We believe the good news is that we are fast approaching a time when an active manager may find mispriced opportunities.
Q: What do you need to take advantage of the downtown?
Access to locked-up capital provides a significant advantage for opportunistic credit investors. Hedge funds are the primary participants in the opportunistic credit investing arena, however their activities are constrained by being beholden to monthly reporting and the risk of redemptions. The redemption risk escalates into and during downturns, the very moment managers should be taking advantage of price dislocations. This limits managers’ willingness and ability to take advantage of under-valued investment opportunities. Locked-up capital removes this constraint, as quality assets can be held till the market recovers, with no risk of forced sales to meet redemption requests. Managers of funds with locked-up capital that charge fees only on capital that is called are better positioned to generate investor returns than those that charge fees on committed capital, as the investor is burdened with fees only when the manager is capitalizing on the opportunity set. Although the credit markets are poised for volatility, the timing is unclear.
Access to information flow from a trading perspective is instrumental to capitalizing on the opportunities provided during a downturn. An investment manager must have sufficient scale to be relevant to the Wall Street trading desks, to ensure they are offered the opportunities to buy attractively priced loans and bonds. This is particularly relevant for the smaller loans and bonds, where we expect to find the best opportunities, as these typically trade infrequently and in small size. The scale of the Neuberger Berman fixed income platform ensures we have the necessary relationships and critical coverage from the trading desks. 
Lastly, you need an information edge to maximize the return opportunity. In a world where comprehensiveness of disclosure to creditors by companies is decreasing, having increased access to Private Equity funds and the management teams of their portfolio companies, the primary issuers of the smaller loans and bonds we are targeting, is differentiating. As a loan or bond seasons in the market, the information and context obtained at the time of the new issue becomes stale, leaving potential investors with limited disclosure and access to the raw data—who, what, when, where of a loan or bond. The access we have to Private Equity funds and their portfolio companies across Neuberger Berman] is essential to ensure differentiating fundamental analysis, to facilitate proverbially picking up “the babies thrown out with the bath water” during the downturn.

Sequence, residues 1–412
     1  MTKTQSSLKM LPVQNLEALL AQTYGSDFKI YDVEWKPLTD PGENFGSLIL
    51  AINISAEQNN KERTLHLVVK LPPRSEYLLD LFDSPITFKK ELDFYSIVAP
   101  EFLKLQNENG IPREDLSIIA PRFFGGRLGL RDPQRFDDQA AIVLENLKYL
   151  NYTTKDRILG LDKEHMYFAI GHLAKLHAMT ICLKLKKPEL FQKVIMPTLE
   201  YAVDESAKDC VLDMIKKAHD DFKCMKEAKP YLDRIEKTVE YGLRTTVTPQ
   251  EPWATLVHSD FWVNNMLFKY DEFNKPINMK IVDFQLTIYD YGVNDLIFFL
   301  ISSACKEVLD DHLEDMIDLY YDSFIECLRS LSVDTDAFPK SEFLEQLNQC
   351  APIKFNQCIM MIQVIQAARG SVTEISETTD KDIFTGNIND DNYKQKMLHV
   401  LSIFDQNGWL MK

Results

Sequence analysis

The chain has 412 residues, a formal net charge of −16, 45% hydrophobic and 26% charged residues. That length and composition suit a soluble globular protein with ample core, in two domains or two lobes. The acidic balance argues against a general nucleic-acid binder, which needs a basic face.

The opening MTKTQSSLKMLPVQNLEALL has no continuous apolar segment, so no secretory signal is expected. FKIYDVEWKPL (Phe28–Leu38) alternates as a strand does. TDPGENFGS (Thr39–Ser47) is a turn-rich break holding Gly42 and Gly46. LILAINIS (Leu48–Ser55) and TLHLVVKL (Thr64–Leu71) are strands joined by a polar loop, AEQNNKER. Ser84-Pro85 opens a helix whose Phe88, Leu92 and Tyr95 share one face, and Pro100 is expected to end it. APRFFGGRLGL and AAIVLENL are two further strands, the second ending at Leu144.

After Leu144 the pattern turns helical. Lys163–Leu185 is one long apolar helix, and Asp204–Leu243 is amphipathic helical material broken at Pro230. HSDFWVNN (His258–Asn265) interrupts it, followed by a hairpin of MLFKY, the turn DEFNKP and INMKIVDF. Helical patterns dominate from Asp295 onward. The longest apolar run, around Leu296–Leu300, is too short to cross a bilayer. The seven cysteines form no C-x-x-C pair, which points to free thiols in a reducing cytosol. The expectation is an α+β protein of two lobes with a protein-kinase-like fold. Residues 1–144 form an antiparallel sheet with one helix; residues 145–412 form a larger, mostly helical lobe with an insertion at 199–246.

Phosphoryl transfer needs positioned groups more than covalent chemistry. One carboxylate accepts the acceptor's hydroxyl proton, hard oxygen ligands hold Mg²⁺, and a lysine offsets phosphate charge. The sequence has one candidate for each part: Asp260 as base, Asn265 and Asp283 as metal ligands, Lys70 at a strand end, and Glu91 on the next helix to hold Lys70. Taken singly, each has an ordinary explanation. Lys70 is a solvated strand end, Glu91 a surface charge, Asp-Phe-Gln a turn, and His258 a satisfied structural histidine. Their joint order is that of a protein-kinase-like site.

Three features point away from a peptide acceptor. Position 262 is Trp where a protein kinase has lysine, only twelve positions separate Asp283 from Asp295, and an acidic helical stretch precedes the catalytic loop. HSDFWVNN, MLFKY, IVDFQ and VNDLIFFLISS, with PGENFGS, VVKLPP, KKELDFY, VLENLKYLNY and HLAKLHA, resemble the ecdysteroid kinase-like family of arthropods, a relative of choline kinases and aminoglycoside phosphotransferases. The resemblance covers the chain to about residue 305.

We think the opportunity in this smaller secondary loan and bond universe is compelling, but timing is key. Investors need to do research on managers and their capabilities in anticipation of a change in macro environment.
 Subject to Neuberger Berman’s policies and procedures, including certain information barriers within Neuberger Berman that are designed to prevent the misuse by Neuberger Berman and its personnel of material information regarding issuers of securities that has not been publicly disseminated.
Under the spotlight: Susan Kasser
Susan Kasser is the Co-Head of the Private Credit business for Neuberger Berman. The Private Credit business manages $4.2 billion of investor capital dedicated to investing in first lien, unitranche and second lien loans to market leading companies owned by private equity firms. Prior to joining Neuberger Berman in 2013, she was an investment professional in the Direct Lending business of the Carlyle Group. Prior to joining Carlyle, Ms. Kasser worked at Goldman Sachs in several roles, including as an investment banker in the Leveraged Finance group, a fund investor and direct co-investor in the Private Equity Group, and as a financial analyst in Global Investment Research.